Engineers, from left, Marty Bradley, Chris Droney and Zach Hoisington, design a future aircraft with greatly reduced fuel burn and environmental footprint. Boeing considers environmental performance measures throughout a product’s life cycle, starting with design and manufacturing, and extending through in-service use and end-of-service recycling and disposal. (Boeing photo)
In 2007, Boeing unveiled our first-ever five-year environmental performance targets: reducing energy use, carbon emissions, water intake and hazardous-waste generation by 1 percent on an absolute basis in our factories and offices.
At the time, we anticipated these goals would equal a 25 percent reduction on a revenue-adjusted basis. As detailed in the Results section, we surpassed the absolute targets. Given the unprecedented growth in our core business, we met the revenue-adjusted goals for reducing carbon dioxide emissions and hazardous waste, but missed the targets for energy use and water intake.
Looking ahead to the next five years, we remain committed to zero-carbon growth by continuing our environmental conservation efforts while ramping up production. Our goal is to achieve zero absolute growth in carbon emissions, water intake and solid waste sent to landfills, and zero revenue-adjusted growth in hazardous waste generation, by 2017.
Our framework for continued progress includes considering environmental performance measures throughout a product’s life cycle, starting with design and manufacturing and extending through in-service use and end-of-service recycling and disposal. We call this life cycle approach Design for Environment. It analyzes and reduces the environmental footprint at each phase of a product’s life.
Since most of an aircraft’s lifetime carbon emissions occur while in service, it is critical to design and build our products with sustainable technologies to reduce the environmental footprint and increase customer value.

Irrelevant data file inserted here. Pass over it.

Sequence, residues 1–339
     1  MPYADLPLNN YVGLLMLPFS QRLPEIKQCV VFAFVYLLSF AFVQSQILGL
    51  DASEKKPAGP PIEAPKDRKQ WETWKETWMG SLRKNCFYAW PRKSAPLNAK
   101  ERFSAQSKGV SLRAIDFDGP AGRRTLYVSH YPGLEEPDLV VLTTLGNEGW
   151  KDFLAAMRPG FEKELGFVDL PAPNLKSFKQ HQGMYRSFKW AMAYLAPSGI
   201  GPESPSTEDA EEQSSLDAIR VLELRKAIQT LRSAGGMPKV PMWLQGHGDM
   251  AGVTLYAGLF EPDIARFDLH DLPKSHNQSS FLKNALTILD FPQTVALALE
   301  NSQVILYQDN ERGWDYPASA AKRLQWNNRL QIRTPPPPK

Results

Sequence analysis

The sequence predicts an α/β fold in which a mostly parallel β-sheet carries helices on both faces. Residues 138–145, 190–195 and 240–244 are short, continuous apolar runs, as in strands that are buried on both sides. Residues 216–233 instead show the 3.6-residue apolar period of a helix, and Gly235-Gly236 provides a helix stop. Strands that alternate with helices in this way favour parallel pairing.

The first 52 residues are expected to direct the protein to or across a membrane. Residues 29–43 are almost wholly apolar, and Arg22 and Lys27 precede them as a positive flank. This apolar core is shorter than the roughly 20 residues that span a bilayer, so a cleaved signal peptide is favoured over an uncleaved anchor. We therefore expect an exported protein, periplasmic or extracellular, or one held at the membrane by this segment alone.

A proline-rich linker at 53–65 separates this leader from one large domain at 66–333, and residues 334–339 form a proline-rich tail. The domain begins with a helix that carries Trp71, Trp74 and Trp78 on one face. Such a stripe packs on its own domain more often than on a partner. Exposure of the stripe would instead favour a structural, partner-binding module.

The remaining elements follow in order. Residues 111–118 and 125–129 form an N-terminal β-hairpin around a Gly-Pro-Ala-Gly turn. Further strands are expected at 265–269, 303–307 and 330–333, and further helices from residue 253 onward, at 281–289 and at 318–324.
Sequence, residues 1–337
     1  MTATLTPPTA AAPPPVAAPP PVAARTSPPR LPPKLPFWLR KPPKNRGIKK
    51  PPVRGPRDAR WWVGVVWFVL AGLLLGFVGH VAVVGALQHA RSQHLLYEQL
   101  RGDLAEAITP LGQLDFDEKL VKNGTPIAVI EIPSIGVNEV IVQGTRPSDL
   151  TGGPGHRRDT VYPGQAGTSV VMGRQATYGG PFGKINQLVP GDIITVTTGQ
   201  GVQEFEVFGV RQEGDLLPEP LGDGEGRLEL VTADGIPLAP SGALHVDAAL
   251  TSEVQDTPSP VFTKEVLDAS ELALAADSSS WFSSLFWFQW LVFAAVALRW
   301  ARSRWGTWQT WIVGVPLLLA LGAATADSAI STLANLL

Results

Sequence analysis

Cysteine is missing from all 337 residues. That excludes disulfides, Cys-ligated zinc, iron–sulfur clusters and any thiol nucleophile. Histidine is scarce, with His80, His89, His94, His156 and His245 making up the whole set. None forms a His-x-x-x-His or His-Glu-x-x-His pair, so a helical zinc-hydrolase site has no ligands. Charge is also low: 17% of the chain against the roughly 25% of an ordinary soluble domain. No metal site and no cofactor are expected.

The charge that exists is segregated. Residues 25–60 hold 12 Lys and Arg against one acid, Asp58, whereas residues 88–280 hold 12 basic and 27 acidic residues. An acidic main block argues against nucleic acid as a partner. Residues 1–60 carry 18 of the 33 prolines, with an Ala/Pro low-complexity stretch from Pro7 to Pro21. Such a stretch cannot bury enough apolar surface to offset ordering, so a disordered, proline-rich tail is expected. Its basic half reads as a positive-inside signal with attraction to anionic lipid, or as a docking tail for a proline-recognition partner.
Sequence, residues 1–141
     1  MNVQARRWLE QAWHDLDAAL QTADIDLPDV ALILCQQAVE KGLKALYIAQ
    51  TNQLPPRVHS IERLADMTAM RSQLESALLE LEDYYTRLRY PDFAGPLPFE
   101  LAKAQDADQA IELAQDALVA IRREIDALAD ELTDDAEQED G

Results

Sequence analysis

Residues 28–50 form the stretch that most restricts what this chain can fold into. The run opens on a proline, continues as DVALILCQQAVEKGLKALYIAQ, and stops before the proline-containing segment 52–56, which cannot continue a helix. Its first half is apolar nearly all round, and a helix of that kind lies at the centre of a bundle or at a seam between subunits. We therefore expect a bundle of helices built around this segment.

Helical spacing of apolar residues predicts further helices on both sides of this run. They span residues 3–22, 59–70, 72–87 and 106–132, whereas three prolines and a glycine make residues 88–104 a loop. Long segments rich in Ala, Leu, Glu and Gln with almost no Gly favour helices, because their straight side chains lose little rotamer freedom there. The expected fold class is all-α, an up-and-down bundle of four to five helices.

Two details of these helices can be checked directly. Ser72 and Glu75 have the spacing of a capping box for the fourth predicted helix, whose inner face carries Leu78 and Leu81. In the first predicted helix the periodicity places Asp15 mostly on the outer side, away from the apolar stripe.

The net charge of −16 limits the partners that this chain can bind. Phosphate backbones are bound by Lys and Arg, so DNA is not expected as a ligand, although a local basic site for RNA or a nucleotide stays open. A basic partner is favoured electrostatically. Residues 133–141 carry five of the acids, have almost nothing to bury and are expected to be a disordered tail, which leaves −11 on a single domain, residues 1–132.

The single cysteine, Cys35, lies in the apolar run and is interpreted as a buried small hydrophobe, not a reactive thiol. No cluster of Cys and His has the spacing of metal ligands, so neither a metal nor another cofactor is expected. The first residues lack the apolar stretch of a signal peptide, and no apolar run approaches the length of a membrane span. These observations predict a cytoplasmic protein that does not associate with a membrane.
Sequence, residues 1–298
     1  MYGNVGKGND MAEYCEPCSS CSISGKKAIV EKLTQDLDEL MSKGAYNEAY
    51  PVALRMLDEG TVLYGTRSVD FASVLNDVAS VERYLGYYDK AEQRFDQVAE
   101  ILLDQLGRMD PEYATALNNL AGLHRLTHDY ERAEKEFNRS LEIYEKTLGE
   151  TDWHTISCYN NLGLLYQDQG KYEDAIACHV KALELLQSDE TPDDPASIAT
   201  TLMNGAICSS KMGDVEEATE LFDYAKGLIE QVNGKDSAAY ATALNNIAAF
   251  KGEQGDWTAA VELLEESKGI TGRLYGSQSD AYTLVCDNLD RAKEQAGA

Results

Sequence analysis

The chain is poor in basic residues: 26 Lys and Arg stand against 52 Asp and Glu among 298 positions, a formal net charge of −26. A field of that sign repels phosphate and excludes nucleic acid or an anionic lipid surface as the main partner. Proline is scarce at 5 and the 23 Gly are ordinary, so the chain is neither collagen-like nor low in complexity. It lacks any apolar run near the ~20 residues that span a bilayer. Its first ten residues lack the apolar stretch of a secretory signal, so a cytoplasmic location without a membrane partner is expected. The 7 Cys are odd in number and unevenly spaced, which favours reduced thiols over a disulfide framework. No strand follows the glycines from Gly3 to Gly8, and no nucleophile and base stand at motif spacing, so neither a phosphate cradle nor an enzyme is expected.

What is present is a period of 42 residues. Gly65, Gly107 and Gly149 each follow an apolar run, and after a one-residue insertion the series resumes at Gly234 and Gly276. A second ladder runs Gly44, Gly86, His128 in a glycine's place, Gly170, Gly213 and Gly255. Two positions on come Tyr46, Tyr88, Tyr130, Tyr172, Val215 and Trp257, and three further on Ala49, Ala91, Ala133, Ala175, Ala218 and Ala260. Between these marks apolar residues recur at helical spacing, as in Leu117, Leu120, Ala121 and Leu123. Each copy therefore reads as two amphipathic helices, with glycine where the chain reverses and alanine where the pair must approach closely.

With Design for Environment, engineers making design decisions consider environmental performance measures that will reduce energy use, carbon emissions, water intake, hazardous materials and noise, while increasing the use of sustainable materials.
Aerospace is a complex, interconnected global industry with equally complex environmental challenges. Over the next five years, Boeing will continue to collaborate with industry groups, suppliers and regulators to improve the environmental performance of global aviation.
Boeing is a leader in global efforts to accelerate the development of sustainable aviation biofuels, which offer a cleaner alternative to petroleum-based fuels, and to improve the efficiency and environmental performance of global air traffic management.
We will continue to work with the aerospace industry to reach the goal of recycling 90 percent of a retired airplane by 2016. Boeing was instrumental in forming the Aircraft Fleet Recycling Association, which has grown to more than 40 members working to develop sustainable solutions to recycling aircraft at the end-of-service.